Life insurance is compensation for a loss so is not subject to income tax or capital gains tax. However, the payout from your life insurance is considered to be part of your estate and if your estate totals more than £325,000, you will be taxed 40% on anything above that figure. Putting your life insurance into trust avoids having to pay inheritance tax, this means your beneficiaries will receive the full amount, tax-free.

  22. Is there anything that might stop the policy paying out?

    Each insurer will have some exclusions to their life insurance which means they may not pay out when a claim is made. Exclusions could include suicide, alcohol and drug abuse or deliberately exposing yourself to danger.

  23. I've heard that Family Income Benefit may be a cheaper option. Is that right?

    A family income benefit (FIB) policy provides a regular income for your family for a set time, rather than a lump sum in one go.

    In some circumstances, family income benefit can be cheaper than a level term policy and in other cases, it won't, it all depends on when you pass away.

    This type of cover is typically aimed at young growing families because a regular income can sometimes be more beneficial than a lump sum of money.

    You must get the right advice if you are interested in taking out a family income benefit policy so speak to one of our advisers today and we will be able to help.

  24. Level or decreasing Life Insurance?

    With life insurance, there are two main types, level term life insurance and decreasing term life insurance. Both last for a set length of time, referred to as the 'term'. With both types of cover, your family can claim if you die within the set term of the policy.

    Level term life insurance
    Level term life insurance is mainly used to offer protection for family members or dependents, this is because the level of cover stays the same throughout the length of the policy. It can also be used to cover an interest-only mortgage (where you only pay the interest on the loan and the debt remains the same). You select the amount of cover e.g. £200,000 over a set time such as 30 years and if you were to die at any time during those 30 years, the policy would pay out £200,000 to your loved ones.

    Decreasing term life insurance
    Decreasing term life insurance is mainly used to protect a repayment mortgage because the level of cover decreases in line with your monthly mortgage repayments. Consequently, your monthly premiums will be cheaper than level term life insurance.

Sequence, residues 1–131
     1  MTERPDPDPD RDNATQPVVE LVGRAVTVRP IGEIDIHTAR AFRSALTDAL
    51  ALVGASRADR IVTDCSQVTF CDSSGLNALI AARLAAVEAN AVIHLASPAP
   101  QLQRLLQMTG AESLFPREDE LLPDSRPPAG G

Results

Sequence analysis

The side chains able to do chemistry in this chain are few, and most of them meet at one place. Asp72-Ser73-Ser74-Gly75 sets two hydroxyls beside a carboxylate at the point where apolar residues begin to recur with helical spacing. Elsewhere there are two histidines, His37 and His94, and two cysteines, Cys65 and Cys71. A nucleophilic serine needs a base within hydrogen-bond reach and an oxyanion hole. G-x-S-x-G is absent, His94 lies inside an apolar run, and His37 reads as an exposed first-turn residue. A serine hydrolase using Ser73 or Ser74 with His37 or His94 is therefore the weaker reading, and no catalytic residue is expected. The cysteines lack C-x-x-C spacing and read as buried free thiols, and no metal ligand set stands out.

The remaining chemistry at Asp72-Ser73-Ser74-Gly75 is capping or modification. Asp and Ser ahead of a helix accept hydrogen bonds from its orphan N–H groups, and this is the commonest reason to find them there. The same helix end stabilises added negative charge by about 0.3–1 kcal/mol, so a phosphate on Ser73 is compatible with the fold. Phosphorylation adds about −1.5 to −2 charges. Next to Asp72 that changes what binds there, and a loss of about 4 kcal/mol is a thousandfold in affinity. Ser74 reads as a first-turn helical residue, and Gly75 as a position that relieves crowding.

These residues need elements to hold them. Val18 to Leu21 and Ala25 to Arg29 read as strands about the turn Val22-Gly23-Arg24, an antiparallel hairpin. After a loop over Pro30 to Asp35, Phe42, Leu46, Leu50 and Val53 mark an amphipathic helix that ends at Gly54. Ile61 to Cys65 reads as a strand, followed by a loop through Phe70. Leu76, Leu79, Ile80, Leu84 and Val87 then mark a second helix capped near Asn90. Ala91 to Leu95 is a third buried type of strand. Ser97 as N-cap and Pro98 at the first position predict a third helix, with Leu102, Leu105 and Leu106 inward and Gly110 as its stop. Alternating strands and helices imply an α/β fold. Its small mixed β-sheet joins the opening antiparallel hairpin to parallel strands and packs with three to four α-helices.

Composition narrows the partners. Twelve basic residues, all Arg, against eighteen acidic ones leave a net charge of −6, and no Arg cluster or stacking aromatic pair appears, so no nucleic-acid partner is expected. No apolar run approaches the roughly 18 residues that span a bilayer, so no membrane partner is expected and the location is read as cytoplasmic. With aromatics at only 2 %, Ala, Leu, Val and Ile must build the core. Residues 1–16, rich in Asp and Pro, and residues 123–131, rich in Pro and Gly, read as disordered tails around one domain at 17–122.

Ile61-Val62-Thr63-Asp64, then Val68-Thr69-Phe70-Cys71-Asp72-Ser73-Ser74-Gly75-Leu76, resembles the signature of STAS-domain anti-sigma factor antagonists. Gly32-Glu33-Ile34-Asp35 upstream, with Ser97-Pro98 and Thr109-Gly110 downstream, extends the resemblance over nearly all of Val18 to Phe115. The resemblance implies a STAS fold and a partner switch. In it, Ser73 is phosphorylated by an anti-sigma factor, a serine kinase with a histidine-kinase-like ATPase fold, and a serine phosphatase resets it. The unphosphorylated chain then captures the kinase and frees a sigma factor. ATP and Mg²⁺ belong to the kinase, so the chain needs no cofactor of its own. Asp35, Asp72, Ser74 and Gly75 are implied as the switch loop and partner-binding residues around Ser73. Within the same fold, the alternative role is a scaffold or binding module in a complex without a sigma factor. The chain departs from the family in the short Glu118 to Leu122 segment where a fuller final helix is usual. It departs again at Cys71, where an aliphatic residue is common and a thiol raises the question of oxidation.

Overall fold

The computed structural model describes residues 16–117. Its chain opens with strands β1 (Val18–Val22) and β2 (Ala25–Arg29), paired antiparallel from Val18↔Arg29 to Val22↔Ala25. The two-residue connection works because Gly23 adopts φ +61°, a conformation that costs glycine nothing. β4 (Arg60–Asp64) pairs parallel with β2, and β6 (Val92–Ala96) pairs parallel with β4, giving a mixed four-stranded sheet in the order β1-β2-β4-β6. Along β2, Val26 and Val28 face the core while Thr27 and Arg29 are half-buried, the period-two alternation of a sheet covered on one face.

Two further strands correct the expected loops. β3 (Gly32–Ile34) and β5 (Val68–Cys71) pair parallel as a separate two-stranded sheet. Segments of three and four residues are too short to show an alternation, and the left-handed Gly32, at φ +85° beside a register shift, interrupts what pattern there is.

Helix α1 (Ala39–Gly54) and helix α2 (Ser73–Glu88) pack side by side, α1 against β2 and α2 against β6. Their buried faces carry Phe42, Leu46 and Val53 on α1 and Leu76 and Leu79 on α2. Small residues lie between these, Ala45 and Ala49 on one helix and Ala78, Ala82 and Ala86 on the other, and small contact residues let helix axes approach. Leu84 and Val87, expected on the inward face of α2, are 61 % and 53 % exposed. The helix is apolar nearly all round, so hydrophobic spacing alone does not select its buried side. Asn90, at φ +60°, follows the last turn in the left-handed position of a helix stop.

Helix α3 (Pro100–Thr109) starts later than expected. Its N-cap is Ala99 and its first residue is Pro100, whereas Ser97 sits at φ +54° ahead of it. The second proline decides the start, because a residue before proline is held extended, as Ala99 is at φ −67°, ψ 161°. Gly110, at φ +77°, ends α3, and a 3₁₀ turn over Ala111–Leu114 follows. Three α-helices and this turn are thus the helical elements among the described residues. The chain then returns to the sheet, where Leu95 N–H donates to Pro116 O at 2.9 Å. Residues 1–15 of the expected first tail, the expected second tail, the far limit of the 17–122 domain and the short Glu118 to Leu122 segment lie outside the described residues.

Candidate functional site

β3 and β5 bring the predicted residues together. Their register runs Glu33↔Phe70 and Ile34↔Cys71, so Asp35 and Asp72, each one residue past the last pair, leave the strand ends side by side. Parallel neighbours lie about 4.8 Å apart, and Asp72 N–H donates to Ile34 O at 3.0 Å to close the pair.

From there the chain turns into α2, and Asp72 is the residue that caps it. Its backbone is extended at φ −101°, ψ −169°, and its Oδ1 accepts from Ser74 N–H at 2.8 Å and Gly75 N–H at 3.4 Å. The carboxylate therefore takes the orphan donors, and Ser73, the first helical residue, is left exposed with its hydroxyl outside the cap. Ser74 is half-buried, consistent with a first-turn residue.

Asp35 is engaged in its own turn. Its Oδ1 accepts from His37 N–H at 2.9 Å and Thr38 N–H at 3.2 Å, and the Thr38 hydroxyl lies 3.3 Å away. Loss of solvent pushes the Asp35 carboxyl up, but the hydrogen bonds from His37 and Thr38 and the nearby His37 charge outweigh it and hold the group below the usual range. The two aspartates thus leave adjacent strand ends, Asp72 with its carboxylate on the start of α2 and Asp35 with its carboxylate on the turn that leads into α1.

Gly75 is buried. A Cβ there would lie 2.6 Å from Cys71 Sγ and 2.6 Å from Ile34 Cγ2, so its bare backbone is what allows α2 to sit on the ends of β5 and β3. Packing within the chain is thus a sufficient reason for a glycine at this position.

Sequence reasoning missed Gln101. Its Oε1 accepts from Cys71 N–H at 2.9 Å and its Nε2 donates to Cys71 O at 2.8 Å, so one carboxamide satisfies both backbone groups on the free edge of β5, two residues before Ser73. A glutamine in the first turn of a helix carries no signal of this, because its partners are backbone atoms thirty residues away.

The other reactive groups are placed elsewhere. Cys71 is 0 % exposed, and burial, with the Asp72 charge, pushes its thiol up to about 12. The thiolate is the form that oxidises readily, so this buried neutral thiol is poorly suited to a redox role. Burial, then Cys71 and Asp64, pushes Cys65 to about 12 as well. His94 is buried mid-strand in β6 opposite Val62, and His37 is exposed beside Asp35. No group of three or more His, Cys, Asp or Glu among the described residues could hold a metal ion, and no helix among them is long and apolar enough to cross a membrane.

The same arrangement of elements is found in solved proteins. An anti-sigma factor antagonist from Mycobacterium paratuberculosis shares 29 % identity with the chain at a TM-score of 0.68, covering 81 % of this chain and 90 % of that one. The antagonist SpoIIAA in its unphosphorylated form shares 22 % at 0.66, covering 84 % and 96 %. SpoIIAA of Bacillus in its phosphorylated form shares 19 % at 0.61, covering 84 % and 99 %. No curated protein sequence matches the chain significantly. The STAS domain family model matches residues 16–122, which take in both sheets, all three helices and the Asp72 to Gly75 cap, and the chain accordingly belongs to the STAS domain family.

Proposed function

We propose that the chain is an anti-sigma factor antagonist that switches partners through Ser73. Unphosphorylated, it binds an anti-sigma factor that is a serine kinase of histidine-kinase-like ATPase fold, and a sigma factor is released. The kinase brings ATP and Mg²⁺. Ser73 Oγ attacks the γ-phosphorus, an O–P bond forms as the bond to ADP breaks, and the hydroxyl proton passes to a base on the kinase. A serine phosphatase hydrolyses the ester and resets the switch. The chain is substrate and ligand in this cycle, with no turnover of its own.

25. Level term Life Insurance pays out a set amount if you die within a fixed term

    Level term life insurance will always pay-out a pre-determined amount as long as you die within the term of the policy. For example, if you took out a level term life insurance policy for £175,000 over a term of 25 years, your family will receive a pay-out of £175,000 if you die within the 25 years of taking the policy out.

    It is important to note that the more cover or longer the term you have, the more expensive the premium will be.

  26. Make sure the cost is fixed each month with 'guaranteed premiums'

    When taking out level term life insurance, you'll be given two options of how you can pay your monthly premiums, guaranteed or reviewable. Guaranteed means your monthly premiums will stay the same throughout the term of your policy. Reviewable means your premiums start lower but as time goes on, your insurer can increase them because you are older.

  27. Our expert says...

    "Life insurance ensures your dependents are taken care of in the event of your death. The lump sum that's paid out once a claim is made can help to pay off the mortgage, allowing your family to remain in their home, help with university fees or the cost of bringing up young children.

    Comparison websites allow you to compare life insurance from leading insurers and apply online. Many common medical conditions will be accepted without submitting any medical information.

    Assured Futures have access to top life insurance companies that are not found on comparison websites, so it's always best to give our sales advisers a call and we can talk you through all the options available."

  28. Quit smoking or planning to? You could get cheaper cover